A tattoo studio (also called a tattoo parlour) is a place where tattoos as well as body piercings are done. I will look at the various business models in this industry.

To open a tattoo studio you don’t have to be able to do tattoo’s personally, many people open one as a way to make more money from an investment perspective, whether they own the property or not.

There are various business models in this industry, here are a few of them:

Neon tattoo sign

Commission
The owner of the tattoo studio charges each tattoo artist a commission on every job he does, in exchange the studio owner provides the venue, basic supplies and sometimes receptionist to take appointments. Example: If a studio has five rooms, and he charges a 25% commission to artists and each artist make an average of R20 000 a month, then the studio owner takes home R25000 (R5000 x 5). Commissions will vary circumstance to circumstance but can run as high as 40%.

Rent
Here the studio owner charges the tattoo artist to rent a room the same way some hair salons rent out chairs, this is usually on a weekly to monthly basis. And you still provide the basics, latex gloves or whatever is required, which can be picked up at medical supply stores.

Rent + Commission
Here the studio owner charges a bit less rent, but makes it up by charging a commission (but less commission than the commission structure above), often in the region of 10% in addition to the rent.

Employer with salaried staff
Here you take on a bit more risk with the potential of more profits, you have tattoo artists work for you 9-5 (or whatever your opening hours are) and you pay them a weekly or monthly salary. Like you would pay any other staff, the success of this model depends on some variables, such as tattoo artist reputation and location, yes you have to consider those for the above mentioned models as well when deciding on commission percentage. But here you have to apply your mind even more, as now you have the property rent expense, tattoo artist expense and all the equipment and materials he needs, needles, gloves, piercings etc. and the receptionist to take calls and make appointments.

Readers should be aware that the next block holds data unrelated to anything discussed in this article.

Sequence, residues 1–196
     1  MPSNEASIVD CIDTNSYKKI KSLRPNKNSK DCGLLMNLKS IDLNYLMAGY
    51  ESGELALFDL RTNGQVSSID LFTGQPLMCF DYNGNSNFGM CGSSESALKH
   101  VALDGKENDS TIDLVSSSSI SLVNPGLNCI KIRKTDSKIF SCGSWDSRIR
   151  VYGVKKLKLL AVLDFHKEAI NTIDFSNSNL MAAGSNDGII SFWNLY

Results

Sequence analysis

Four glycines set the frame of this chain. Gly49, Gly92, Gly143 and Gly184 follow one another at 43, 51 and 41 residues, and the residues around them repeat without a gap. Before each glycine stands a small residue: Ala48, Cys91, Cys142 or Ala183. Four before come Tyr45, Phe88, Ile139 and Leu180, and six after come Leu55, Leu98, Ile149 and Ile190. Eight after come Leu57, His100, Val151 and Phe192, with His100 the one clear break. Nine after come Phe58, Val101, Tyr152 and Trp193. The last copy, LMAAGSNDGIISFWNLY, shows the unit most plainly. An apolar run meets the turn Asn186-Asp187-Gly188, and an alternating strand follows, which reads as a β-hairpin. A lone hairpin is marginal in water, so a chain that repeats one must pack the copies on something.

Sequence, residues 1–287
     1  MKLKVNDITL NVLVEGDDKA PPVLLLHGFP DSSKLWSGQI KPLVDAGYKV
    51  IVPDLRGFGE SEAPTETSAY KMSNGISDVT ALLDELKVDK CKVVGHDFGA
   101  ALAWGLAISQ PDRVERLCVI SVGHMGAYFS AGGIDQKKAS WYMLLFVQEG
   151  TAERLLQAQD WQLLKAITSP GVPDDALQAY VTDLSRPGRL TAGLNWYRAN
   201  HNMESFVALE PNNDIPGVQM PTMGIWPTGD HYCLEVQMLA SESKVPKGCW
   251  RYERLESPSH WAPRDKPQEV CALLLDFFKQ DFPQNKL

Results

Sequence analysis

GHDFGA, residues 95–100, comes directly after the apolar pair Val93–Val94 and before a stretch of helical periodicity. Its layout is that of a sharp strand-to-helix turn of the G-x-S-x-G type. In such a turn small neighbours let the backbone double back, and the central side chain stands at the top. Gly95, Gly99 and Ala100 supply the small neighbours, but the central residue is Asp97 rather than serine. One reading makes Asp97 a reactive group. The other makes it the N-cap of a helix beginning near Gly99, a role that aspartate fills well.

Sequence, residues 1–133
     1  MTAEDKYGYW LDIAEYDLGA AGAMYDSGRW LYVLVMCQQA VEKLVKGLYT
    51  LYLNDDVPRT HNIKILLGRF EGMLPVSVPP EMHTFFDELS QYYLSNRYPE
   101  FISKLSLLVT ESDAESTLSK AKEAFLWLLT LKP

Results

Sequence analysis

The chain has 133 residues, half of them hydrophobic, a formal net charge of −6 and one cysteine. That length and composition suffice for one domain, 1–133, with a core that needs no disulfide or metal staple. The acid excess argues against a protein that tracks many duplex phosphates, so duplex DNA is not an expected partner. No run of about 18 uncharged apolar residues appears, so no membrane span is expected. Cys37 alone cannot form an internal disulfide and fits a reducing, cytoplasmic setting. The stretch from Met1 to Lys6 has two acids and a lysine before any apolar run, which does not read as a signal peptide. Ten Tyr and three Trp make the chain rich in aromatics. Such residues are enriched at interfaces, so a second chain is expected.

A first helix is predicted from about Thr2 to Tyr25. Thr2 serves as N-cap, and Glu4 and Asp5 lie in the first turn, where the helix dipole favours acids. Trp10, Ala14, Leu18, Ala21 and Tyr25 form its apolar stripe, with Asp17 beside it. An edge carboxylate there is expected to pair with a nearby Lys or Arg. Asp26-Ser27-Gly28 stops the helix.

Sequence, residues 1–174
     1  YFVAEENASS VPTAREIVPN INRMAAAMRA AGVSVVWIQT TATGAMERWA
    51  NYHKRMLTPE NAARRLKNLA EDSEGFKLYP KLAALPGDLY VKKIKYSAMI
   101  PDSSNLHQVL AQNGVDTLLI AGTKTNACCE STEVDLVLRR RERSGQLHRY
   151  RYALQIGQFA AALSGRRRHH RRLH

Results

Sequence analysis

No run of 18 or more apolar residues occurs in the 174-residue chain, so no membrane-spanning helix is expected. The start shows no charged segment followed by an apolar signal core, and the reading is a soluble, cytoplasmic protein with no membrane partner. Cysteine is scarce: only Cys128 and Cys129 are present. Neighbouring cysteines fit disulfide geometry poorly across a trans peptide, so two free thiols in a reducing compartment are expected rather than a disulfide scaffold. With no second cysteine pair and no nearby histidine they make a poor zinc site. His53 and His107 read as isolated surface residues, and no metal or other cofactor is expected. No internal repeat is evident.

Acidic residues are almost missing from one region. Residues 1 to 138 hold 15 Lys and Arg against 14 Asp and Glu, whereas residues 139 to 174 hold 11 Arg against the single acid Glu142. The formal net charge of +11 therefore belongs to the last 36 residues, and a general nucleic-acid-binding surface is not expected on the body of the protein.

Tattoo

As I have stated you don’t have to be a tattoo artist or body piercer to be successful in this business, but if you are then it’s even better because you will be making your profits and taking from others to cover the running costs of the studio. You just have to make sure that you are fair with the way work that comes through the door is distributed.

Sales and Marketing
This is a business that does well on visual social networks such as Instagram and Facebook, where you can share your work and get followers. But this is also a word of mouth business, so you have to sign up artists with good reputations. Many tattoo artists don’t want to have the schlep of managing a shop but also don’t want to work from home while their cat or dog might come jump on them while they working. So they go the studio route and hire a room.

Tattoo artist at desk

Resources
Type Service
Equipment Venue, shop fittings, tattoo machine, needles
Materials Ink, sterilisation materials, cleaning materials
Guide Tattoo equipment & Supplies list

Though this list may appear extensive, you can also start with the most basic items and build up your tools and supplies with time. Remember, do not skimp on the quality of supplies you purchase!

Sector Tattoo & Piercings, Body art

 


You have a business idea, where to next?
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